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Cosmic Encounter is the prime example of a game that occasionally produces a howling stinker of a game and then the next time might produce the best game you've ever played. The variation means you have to weather the bad games and hope that the classic play is around the corner. Once you hit that perfect game, then it all clicks together why people love it so much. And then you'll play 20 more times trying to recapture that feeling. Ok, so Cosmic Encounter might be alot like heroin.
Posted: 16 Mar 2015 09:47 by Michael Barnes #199573
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The first couple of times I played Cosmic I hated it. I had the Avalon Hill edition, after literally years of picking up the Mayfair edition in the comic/games shop I used to go to and thinking "we should try this" and then putting it down. By the time I got to it, I thought it was awful, and assumed it was another one of those games like Illuminati that were past their prime (in 1999/2000) and likely beloved only by those who played it when it was one of just a couple of games like that.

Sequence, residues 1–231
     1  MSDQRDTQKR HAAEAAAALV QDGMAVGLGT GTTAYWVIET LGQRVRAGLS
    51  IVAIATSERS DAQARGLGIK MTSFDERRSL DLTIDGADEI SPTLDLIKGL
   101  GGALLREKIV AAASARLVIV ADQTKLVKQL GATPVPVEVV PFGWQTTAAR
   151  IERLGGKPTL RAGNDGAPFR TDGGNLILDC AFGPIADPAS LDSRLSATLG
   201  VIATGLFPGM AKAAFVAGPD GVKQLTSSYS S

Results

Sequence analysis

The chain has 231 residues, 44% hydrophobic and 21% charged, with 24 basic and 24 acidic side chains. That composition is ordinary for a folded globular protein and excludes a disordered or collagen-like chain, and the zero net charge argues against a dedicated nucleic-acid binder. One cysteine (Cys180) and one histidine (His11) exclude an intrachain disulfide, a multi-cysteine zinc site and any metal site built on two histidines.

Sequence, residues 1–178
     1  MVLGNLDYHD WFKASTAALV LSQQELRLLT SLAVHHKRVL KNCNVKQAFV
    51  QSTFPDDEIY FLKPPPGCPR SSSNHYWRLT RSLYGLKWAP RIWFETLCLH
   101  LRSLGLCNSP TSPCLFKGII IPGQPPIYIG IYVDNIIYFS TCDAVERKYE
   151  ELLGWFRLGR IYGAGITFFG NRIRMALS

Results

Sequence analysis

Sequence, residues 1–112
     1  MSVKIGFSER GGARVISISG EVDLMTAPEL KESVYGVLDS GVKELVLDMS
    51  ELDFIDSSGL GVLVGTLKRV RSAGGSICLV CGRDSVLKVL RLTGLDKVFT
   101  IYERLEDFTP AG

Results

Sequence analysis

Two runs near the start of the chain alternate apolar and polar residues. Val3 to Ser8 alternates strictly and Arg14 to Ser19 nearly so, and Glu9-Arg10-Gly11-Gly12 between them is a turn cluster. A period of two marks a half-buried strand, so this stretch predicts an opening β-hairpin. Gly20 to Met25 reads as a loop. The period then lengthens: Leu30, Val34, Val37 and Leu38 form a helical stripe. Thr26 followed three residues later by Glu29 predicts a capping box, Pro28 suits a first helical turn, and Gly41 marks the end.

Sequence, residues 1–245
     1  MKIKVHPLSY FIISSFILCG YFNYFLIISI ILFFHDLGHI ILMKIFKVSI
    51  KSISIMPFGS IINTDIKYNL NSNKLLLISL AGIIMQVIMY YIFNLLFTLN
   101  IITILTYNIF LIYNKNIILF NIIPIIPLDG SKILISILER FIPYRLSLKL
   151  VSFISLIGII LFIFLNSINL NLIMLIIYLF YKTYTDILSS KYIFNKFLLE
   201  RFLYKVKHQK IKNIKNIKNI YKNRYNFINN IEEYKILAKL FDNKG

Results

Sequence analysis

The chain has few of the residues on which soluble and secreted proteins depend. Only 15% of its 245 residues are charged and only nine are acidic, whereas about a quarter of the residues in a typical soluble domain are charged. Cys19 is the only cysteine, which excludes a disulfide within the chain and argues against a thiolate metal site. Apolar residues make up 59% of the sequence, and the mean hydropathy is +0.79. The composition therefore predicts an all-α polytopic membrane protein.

Here's the thing. When I played it for the first three or four times, it was also with people who were new to it.

But then, ironically enough, going back and playing the Mayfair game with people who had played it before...suddenly that made all of the difference in the world. I got all of its odd, seemingly too-restrictive rules. I understood why you receive a Cosmic Edict and don't choose who to fight- it's to force you to attack the guy who helped you last time...or to get that feeling of smug satisfaction when you are ordered to attack the guy that just took a planet from you.